Notes: Van Sloan (Dr Waldman) also makes an uncredited appearance as himself in the film’s prologue, in order to warn audiences of what follows. In 1991, the Library of Congress selected Frankenstein for preservation in the United States National Film Registry as being “culturally, historically, or aesthetically significant.”

Film Review – DRACULA (1931)

Dracula (1931; USA; B&W; 75m) ****  d. Tod Browning; w. Louis Bromfield, Tod Browning, Max Cohen, Dudley Murphy, Louis Stevens; ph. Karl Freund; m. Philip Glass (1999 release).  Cast: Bela Lugosi, Helen Chandler, Dwight Frye, Edward Van Sloan, David Manners, Herbert Bunston, Michael Visaroff, Frances Dade, Joan Standing, Charles K. Gerrard, Dorothy Tree, Tod Browning. The ancient vampire Count Dracula arrives in England and begins to prey upon the virtuous young Mina. The original Universal horror shows many signs of its age – from its static stage play background, lack of musical score to build the tension and hammy acting – particularly from Lugosi in the lead. However, these faults have to be taken in the context of the history it helped create. Despite his sometimes overwrought delivery, Lugosi does create a hypnotic spell over his victims and the audience. Frye gives the film’s best performance as Dracula’s fly-eating servant, his descent into which is set up in the opening sequence. The production design is truly gothic and helps create an atmosphere of unease. Much better was to follow, but this is still a historic moment in cinema history. Universal released a newly restored version of the film in 1999 that included a musical score by Glass. The original “Swan Lake” music during the opening credits was removed. Based on the play by Hamilton Deane, John L. Balderston and Garrett Fort adapted from the novel by Bram Stoker. Followed by DRACULA’S DAUGHTER (1936). [PG]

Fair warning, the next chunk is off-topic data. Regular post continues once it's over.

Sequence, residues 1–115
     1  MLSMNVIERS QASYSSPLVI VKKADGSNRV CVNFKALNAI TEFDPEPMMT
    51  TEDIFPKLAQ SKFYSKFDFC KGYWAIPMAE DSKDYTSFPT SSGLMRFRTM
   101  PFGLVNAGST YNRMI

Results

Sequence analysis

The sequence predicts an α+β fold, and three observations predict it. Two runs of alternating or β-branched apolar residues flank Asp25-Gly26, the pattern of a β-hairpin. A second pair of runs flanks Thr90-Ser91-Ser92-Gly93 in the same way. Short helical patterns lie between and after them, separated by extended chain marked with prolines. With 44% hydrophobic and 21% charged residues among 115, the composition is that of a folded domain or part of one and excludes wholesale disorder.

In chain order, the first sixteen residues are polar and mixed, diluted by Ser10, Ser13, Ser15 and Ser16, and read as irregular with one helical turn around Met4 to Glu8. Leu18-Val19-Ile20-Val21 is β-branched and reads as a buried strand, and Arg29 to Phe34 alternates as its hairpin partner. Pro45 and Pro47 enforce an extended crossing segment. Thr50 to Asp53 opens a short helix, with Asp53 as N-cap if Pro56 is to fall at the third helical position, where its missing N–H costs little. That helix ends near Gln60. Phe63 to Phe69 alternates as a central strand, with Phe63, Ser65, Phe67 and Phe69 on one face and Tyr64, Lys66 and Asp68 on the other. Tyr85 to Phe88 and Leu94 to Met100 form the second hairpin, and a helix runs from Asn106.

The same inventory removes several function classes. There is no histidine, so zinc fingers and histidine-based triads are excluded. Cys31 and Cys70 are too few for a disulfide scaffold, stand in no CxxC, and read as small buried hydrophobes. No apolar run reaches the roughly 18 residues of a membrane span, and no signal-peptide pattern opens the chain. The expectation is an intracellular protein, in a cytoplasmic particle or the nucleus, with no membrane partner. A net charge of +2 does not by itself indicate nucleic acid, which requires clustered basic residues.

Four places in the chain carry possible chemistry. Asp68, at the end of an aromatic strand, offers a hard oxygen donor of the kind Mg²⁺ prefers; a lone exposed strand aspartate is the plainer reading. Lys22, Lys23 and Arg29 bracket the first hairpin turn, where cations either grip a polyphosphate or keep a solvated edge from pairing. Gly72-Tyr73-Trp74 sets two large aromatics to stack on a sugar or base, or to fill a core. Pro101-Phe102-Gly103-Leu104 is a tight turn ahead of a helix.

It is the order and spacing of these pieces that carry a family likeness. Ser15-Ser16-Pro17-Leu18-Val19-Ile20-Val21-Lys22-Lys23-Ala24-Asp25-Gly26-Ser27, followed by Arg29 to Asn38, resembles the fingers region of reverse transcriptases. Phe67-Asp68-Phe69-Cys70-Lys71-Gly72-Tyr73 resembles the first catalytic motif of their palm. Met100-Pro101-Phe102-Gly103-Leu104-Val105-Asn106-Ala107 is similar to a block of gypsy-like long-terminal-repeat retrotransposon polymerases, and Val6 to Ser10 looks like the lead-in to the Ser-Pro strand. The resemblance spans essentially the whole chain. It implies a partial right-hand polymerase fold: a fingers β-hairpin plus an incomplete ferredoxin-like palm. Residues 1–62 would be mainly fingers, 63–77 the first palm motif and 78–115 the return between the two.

Film Review – HOUSE OF FRANKENSTEIN (1944)

Related imageHouse of Frankenstein (1944; USA; B&W; 71m) **½  d. Erle C. Kenton; w. Edward T. Lowe Jr.; ph. George Robinson; m. Hans J. Salter.  Cast: Boris Karloff, Lon Chaney Jr., J. Carrol Naish, John Carradine, Anne Gwynne, Peter Coe, Lionel Atwill, George Zucco, Elena Verdugo, Sig Ruman. An evil scientist and a hunchback escape from prison and encounter Dracula, the Wolf Man and Frankenstein’s Monster. Suffers from having to cater for too many monsters and therefore each story feels rushed and is ultimately disappointing. Karloff and Naish, as the mad scientist and his hunchback assistant, do their best with the material, but this is only mediocre entertainment. Based on a story by Curt Siodmak. Followed by HOUSE OF DRACULA (1945). [PG]